They’ve managed 381 games between them with their current clubs and won zero trophies, and yet the clash between Jurgen Klopp and Mauricio Pochettino this weekend is quite rightly being hailed as a meeting of two of the greatest managerial minds of the modern game.
Tottenham host Liverpool at Wembley for the early kick-off on Saturday, and if last season’s encounters are anything to go by, we should be in for a treat. If either team really clicks into gear, they could demolish the other as Spurs did against the Reds in their 4-1 meeting last October; if it’s a more even contest, we could get a 2-2 thriller like the one we had at Anfield. Both sides are sufficiently drilled to perfection and relentless in their approach that just one player having an off-day, or an off-moment, could be enough to turn a game between two even sides into a bloodbath.
Whatever the result, one certainty is that both managers will end the game perfectly comfortable in the safety of their job – indeed, that could likely be applied to both whatever happens to both clubs come May.
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Ask most neutrals – perhaps even some brutally honest Manchester United fans – and they’d take the evolution provided by Klopp and Pochettino over the revolution of someone like Jose Mourinho, a trophy-winning machine in an era where actual silverware is no longer the most valuable currency.
While the Special One boasted of three trophies in his first season at Old Trafford, and is all too eager to remind us that he has three Premier League title wins to his name (more than any other manager in the division put together, you know), one increasingly senses the modern football fan can’t be bought off that easily.
Perhaps it’s the rise of social media, or the overall higher standard of punditry, particularly from the likes of Gary Neville and Jamie Carragher, but the modern fan can see past a team that is winning but not going anywhere.
So too, and perhaps just as crucially, can the people behind the scenes: a manager like Pochettino is an absolute dream for Spurs chairman Daniel Levy. In the last few years the club have spent far less than their Premier League rivals but managed to compete, with the Argentine showing a real knack for developing youth and prioritising familiarity and team spirit in an era when spending is king. The north London side did not make a single signing this summer, but there are few complaints now, with the team winning three out of four at the start of the season, including outplaying Manchester United with a 3-0 win at Old Trafford.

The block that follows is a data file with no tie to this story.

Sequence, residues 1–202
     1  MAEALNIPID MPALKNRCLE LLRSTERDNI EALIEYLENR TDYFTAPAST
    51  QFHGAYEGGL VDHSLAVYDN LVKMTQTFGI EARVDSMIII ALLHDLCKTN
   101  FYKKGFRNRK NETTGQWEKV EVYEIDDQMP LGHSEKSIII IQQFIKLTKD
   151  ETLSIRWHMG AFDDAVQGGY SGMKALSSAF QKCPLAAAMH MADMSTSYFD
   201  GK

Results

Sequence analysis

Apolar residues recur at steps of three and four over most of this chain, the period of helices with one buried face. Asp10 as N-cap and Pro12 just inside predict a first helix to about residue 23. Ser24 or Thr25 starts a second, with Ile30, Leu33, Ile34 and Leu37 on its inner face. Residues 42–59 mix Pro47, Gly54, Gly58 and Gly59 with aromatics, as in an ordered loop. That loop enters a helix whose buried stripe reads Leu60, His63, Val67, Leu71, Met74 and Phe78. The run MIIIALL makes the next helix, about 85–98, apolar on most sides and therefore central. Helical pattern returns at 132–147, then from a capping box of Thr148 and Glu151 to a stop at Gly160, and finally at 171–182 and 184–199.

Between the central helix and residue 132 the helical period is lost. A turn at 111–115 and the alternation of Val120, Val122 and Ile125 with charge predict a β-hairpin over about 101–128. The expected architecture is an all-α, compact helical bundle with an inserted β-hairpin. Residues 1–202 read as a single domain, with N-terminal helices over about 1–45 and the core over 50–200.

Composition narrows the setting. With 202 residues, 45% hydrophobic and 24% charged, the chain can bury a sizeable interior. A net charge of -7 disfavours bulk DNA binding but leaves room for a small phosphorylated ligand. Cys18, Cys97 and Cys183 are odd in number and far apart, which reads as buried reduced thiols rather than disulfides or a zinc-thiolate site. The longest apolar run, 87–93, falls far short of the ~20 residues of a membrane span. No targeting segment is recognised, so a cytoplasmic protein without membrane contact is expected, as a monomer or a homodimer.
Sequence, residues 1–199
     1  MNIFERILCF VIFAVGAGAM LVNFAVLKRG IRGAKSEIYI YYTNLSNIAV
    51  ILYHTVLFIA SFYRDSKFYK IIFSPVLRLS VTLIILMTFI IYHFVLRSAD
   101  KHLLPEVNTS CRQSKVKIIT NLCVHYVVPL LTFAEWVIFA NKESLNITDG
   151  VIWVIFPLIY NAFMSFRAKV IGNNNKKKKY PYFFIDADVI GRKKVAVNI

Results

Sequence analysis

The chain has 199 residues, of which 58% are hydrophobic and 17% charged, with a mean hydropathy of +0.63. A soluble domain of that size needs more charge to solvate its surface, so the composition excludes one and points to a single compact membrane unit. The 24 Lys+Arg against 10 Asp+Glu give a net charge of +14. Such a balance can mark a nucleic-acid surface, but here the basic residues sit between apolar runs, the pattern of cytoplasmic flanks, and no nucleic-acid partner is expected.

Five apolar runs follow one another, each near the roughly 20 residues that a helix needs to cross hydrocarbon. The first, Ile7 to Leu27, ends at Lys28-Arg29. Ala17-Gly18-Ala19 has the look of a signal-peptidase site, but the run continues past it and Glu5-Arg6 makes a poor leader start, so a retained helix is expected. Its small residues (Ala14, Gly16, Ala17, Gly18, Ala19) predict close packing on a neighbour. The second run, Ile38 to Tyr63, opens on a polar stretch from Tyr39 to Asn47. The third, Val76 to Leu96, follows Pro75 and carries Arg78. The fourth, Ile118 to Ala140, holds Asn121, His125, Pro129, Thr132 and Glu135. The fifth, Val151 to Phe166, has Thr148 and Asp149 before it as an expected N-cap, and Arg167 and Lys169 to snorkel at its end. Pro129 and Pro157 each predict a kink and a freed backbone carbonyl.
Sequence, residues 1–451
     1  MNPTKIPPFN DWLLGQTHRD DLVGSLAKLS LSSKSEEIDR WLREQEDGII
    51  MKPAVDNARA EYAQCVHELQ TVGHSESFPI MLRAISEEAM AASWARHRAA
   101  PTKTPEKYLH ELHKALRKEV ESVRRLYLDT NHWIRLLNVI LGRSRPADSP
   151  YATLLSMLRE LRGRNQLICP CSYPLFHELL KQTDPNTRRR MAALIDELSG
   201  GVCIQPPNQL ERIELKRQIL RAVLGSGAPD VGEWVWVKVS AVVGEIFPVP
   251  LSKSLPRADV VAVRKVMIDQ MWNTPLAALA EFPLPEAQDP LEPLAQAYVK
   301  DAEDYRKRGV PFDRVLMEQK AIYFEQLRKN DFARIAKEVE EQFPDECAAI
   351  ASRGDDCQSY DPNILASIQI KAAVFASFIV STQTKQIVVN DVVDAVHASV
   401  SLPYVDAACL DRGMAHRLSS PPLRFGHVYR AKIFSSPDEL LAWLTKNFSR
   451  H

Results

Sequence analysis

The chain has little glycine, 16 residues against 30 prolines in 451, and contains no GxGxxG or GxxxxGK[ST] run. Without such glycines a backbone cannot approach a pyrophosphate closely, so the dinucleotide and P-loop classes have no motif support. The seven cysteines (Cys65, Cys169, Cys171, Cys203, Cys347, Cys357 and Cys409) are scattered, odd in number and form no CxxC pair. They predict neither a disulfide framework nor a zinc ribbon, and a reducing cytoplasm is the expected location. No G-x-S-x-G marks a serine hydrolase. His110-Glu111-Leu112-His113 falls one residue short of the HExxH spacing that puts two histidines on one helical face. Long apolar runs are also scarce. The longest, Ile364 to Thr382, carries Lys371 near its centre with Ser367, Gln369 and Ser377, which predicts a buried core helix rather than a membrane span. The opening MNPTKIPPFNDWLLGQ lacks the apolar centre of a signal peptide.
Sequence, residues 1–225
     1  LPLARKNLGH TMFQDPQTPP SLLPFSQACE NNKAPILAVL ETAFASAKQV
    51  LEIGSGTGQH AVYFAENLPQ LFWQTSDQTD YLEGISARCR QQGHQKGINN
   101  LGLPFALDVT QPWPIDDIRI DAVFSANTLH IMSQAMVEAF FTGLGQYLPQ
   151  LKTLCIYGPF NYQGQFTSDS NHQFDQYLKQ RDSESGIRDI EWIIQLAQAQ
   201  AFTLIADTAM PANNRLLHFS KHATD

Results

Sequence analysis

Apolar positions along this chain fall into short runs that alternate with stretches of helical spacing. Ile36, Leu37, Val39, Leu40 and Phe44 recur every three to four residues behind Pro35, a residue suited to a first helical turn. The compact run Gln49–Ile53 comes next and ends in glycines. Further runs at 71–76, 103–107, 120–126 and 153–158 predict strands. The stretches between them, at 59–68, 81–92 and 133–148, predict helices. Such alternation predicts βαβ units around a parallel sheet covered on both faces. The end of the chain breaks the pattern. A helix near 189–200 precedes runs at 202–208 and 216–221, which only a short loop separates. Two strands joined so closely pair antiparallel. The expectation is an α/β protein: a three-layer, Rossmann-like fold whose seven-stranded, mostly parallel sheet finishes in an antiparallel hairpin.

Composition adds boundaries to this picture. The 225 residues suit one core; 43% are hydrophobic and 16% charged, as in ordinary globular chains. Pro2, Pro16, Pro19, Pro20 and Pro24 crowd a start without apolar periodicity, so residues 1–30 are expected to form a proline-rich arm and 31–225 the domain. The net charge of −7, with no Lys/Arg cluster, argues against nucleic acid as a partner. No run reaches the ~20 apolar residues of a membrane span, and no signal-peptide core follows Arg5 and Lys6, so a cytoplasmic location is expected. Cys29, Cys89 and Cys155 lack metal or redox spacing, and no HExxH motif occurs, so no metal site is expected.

Some have criticised Pochettino for talking down trophies and for not appearing to give his all in the domestic cup competitions, but there is something altogether more impressive in the works at Tottenham than a simple FA Cup here or there could provide.
After all, with the 24/7 coverage of the game now, past glories become yesterday’s news that much quicker. Wigan might’ve won the FA Cup final in 2013 and provided their fans with one of their best days out, but the team have slumped down the divisions since then. Louis van Gaal might’ve guided United to success in the competition in 2016, but news of his sacking pretty much filtered through before he got his hands on the trophy. At last season’s final, there was very much the agreement that United and Chelsea were playing for a mere consolation prize – with even victory for Antonio Conte not saving him from the axe a couple of months later – the only surprise being that it actually took so long. Two trophies in just two seasons – more than Klopp and Pochettino between them in a much shorter time period, weren’t enough to save a man who clearly demanded more in the transfer market instead of working with what he had, resulting in some uninspiring performances that were fooling no one – the team was going backwards.
Neither Chelsea nor United had had a good season and winning the cup final wasn’t going to change that. Liverpool, by contrast, finished empty-handed again, extending their trophyless run to six years, but few could argue that huge progress was made by Klopp’s side as they embarked on a thrilling run in the Champions League, suffering in the end a pretty unlucky defeat to Real Madrid in the final.
In an era where the past fades so quickly, fans want to be entertained and want the sense of an exciting future just around the corner. Club owners know this and look to sell this, and so the cycle continues.
It’s also becoming something of an accepted truth that in each major league in Europe one or two teams pull away due to the incredible financial inequality at play, with Manchester City really asserting their dominance last season by putting together a squad that left everyone else trailing in their wake. To be even competing at all with a side like that, for Tottenham in particular, is recognised as a big achievement. Perhaps with football less even than it used to be, supporters are increasingly minded to accept the fact that, perhaps, their team will never win a big trophy.
But then, if they pay their high ticket prices and get an entertaining team full of young players they sense are punching above their weight, they’ll be satisfied customers. And that is why, whatever the result tomorrow, both managers are already winners again.